I'm trying to measure the execution time of a process that I call via the command line (i.e., I want to find out how long it takes to for the process to finish). Is there any command that I can add to the command calling the process that will achieve this?

migrated from stackoverflow.com Jul 17 '11 at 12:35

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Add time before the command you want to measure.

The output will look like:

real    0m0.606s
user    0m0.000s
sys     0m0.002s

Explanation on real, user and sys (from man time):

  • real: Elapsed real (wall clock) time used by the process, in seconds.
  • user: Total number of CPU-seconds that the process used directly (in user mode), in seconds.
  • sys: Total number of CPU-seconds used by the system on behalf of the process (in kernel mode), in seconds.
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    @ninjalj, can you provide more information on what the real, user, and sys times are that this command returns? – Christopher Kyle Horton Jul 17 '11 at 20:22
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    @JacobVlijm This answer isn't that elaborate. :) You could edit in your comment and make it so. – muru Feb 13 '15 at 16:43
  • Note that you may need sudo apt-get install time if you are using a shell where time is not a builtin. – poolie Oct 26 '16 at 16:45

For a line-by-line delta measurement, try gnomon.

It is a command line utility, a bit like moreutils's ts, to prepend timestamp information to the standard output of another command. Useful for long-running processes where you'd like a historical record of what's taking so long.

Piping anything to gnomon will prepend a timestamp to each line, indicating how long that line was the last line in the buffer--that is, how long it took the next line to appear. By default, gnomon will display the seconds elapsed between each line, but that is configurable.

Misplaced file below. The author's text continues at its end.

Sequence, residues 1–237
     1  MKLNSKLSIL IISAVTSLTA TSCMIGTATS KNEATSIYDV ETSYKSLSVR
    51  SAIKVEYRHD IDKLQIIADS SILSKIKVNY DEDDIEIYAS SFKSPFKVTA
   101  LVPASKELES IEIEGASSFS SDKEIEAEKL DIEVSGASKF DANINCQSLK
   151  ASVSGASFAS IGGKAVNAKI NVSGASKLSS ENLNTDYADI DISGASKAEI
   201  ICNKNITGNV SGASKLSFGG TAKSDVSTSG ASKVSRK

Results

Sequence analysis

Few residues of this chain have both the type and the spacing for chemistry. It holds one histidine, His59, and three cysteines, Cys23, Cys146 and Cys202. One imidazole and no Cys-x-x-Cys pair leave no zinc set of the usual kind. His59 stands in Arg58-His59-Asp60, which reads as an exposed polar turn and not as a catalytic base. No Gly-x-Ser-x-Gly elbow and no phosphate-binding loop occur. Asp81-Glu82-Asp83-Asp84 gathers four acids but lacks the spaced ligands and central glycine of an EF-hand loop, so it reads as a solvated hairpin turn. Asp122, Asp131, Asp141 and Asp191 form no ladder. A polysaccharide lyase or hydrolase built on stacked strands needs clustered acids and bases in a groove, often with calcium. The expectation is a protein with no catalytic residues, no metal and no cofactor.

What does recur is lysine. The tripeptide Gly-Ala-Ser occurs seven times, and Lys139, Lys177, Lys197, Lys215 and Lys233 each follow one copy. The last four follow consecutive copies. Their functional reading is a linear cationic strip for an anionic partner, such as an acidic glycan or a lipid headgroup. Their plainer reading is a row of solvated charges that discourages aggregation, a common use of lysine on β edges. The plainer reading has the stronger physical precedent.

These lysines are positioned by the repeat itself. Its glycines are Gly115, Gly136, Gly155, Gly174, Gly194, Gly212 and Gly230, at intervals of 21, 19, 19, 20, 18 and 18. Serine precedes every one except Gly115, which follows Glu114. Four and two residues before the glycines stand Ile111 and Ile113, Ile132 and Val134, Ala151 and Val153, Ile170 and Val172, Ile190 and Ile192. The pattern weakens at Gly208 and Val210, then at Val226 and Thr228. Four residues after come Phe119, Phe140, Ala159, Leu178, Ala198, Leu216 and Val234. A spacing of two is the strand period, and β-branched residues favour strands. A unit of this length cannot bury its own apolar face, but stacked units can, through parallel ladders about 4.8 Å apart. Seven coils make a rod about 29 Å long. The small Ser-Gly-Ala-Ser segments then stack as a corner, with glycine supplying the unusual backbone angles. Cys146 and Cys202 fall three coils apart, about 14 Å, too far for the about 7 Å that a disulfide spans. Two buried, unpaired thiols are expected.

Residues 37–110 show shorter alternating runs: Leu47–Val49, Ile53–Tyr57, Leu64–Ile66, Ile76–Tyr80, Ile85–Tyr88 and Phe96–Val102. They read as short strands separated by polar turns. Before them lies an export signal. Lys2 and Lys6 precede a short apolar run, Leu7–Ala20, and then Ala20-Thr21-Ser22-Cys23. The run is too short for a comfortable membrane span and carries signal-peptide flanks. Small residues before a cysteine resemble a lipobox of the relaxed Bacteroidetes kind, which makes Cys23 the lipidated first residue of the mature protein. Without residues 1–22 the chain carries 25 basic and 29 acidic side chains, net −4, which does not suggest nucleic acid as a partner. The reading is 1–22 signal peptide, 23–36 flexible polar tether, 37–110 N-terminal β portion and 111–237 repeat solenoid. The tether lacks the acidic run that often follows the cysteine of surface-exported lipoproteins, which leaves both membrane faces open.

gnomon demo

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    This is pretty slick. – Nathan Arthur Sep 8 '16 at 21:53
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    (typo in link, fortunately URL ok). You can install it with sudo npm i gnomon -g if you have npm. Not sure how well it does against "progress" lines using '\r' (staying on the same line): in that case I'd like it counting it all as one long line, not separate ones. – Tomasz Gandor Jun 14 '17 at 21:42
  • so we pipe it to gnomon ! thats it ? – Ciasto piekarz May 15 at 9:44

You can use time:

time ls -R
date +"%T" && cp -r ./file  /destination/folder/here && date +"%T"

Running this command in the terminal will give you the total time for coping a file

Occasionally I find myself needing a stopwatch to count how long it takes for an action like my app booting, in which case many of the solutions here are not useful.

For this I like to use sw.



wget -q -O - http://git.io/sinister | sh -s -- -u https://raw.githubusercontent.com/coryfklein/sw/master/sw


 - start a stopwatch from 0, save start time in ~/.sw
sw [-r|--resume]
 - start a stopwatch from the last saved start time (or current time if no last saved start time exists)
 - "-r" stands for --resume

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